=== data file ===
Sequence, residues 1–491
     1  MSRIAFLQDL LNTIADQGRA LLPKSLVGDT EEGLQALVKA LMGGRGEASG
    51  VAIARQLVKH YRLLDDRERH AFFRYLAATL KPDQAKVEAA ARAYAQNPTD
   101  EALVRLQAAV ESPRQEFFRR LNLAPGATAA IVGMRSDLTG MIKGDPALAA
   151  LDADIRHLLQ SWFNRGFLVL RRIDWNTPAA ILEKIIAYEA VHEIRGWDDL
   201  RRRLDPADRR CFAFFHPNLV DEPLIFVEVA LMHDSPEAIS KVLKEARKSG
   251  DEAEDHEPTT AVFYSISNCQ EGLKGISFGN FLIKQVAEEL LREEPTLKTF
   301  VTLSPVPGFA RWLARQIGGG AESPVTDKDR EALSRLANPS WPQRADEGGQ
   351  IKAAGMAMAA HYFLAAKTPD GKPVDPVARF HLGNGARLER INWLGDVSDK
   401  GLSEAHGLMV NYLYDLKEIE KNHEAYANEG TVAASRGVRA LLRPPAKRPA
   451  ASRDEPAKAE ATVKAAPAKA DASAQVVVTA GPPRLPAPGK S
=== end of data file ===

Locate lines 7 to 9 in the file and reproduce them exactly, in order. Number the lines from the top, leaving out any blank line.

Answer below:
   251  DEAEDHEPTT AVFYSISNCQ EGLKGISFGN FLIKQVAEEL LREEPTLKTF
   301  VTLSPVPGFA RWLARQIGGG AESPVTDKDR EALSRLANPS WPQRADEGGQ
   351  IKAAGMAMAA HYFLAAKTPD GKPVDPVARF HLGNGARLER INWLGDVSDK